Mendelevium was discovered by bombarding einstenium with alpha particles in 1955 by Stanley Thompson, Glenn Seaborg, Gregory Choppin and Bernard Harvey. As it was the post 100 element to be discovered it was named after the founder of the periodic table, Mendeleev. Because the element was discovered during the Cold War, Seaborg had to apply to the US Government for permission to name it after a Russian. Mendelevium has never been produced in gram quantities due to its difficult production. Mendelevium is not used widely and has few applications beyond nuclear research. It is a solid metal at room temperature and it has a melting point of 827°c predicted, the boiling point is unknown.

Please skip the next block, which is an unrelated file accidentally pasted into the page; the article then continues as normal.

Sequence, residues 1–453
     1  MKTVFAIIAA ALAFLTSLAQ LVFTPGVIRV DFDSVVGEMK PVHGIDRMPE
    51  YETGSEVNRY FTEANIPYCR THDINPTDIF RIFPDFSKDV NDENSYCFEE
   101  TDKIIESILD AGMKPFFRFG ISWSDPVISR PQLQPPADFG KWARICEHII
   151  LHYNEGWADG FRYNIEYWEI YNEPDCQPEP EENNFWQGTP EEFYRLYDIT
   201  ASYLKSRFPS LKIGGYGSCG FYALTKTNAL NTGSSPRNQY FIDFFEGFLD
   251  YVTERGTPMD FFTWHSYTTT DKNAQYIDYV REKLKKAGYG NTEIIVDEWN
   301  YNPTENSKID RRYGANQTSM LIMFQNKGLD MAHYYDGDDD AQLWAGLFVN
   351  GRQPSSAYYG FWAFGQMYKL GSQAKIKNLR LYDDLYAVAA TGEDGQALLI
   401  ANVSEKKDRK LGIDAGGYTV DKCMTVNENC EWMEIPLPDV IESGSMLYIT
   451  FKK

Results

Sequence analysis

G.T.Seaborg, S.G.Tompson, A.Ghiorso, K.Street Jr.